1579–1625, English dramatist, b. Rye, Sussex, educated at Cambridge. A member of a prominent literary family, he began writing for the stage about 1606, first with Francis Beaumont
, with whom his name is inseparably linked, later with Massinger and others. Fletcher may have collaborated with Shakespeare on Henry VIII
and The Two Noble Kinsmen.
He is also thought the principal author of Double Falsehood
(first published 1727), in which Shakespeare may have had a hand. Though there is great uncertainty in dating the plays of Beaumont and Fletcher, their chief works appeared between 1607 and 1613. In Philaster, A Maid's Tragedy, A King and No King,
and The Scornful Lady,
they developed the form of the romance tragicomedy, which came to characterize a whole generation of later plays. In these plays a potentially tragic situation is developed until, at the end, through a twist of plot a happy solution is effected. A prolific writer, he enjoyed great success in many genres because of his entertaining and accessible poetry, his masterful use of sexual intrigue, and the refined composition of his work.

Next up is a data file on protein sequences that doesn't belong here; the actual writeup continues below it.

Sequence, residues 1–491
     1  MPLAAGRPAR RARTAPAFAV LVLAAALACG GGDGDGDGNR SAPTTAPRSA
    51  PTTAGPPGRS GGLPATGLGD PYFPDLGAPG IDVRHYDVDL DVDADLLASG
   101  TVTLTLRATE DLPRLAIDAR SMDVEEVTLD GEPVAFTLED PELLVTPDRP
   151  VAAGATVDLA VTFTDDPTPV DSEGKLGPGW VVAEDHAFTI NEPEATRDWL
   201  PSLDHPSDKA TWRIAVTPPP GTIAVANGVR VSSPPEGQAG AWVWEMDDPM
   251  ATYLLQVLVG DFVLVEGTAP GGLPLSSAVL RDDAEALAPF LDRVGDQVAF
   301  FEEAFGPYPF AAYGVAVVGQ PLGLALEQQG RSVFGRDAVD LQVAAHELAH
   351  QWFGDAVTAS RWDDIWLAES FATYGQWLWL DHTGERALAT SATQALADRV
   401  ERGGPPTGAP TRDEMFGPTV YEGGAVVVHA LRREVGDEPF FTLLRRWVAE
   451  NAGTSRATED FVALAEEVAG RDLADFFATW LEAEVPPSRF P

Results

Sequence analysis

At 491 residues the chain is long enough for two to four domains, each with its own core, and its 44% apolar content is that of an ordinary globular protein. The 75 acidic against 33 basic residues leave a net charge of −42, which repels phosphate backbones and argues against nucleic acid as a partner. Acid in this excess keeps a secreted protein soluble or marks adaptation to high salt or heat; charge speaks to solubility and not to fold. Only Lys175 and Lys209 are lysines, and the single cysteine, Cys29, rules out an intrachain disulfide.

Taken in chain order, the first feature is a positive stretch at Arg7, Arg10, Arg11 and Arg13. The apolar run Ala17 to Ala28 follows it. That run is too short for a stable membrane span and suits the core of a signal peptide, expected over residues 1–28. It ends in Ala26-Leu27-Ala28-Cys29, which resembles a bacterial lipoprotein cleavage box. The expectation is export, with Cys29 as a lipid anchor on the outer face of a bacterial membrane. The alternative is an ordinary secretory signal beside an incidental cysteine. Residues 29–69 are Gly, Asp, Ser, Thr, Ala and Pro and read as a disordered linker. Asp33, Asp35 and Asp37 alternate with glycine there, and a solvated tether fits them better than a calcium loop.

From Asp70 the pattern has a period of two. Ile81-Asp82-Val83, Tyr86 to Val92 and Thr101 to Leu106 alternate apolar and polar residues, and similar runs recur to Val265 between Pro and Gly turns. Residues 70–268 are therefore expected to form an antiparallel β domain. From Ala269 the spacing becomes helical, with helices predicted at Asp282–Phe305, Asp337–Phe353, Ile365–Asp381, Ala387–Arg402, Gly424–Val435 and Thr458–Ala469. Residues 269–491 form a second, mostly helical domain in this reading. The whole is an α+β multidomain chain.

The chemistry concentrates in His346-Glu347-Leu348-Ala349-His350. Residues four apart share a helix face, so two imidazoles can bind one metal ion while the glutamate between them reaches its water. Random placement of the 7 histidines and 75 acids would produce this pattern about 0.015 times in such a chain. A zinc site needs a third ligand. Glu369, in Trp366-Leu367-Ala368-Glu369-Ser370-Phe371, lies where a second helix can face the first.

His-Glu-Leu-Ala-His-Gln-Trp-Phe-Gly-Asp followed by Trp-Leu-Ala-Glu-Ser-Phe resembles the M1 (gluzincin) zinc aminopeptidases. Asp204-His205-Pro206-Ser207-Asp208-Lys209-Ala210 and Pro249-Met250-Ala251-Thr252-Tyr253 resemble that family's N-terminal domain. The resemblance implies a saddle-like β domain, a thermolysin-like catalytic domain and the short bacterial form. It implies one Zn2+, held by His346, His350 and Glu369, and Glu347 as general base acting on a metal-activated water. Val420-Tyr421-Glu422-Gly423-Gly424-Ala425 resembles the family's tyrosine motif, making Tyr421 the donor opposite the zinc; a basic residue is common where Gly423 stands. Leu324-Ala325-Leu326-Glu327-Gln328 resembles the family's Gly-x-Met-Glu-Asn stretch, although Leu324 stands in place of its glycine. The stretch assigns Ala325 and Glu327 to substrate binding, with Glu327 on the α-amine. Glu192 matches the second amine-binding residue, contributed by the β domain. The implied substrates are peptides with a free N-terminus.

See edition of the works of Beaumont and Fletcher by F. Bowers (7 vol., 1966–); studies by E. Waith (1952), A. E. Thorndike (1965), and J. H. Wilson (1968).
The Columbia Electronic Encyclopedia, 6th ed. Copyright © 2012, Columbia University Press. All rights reserved.
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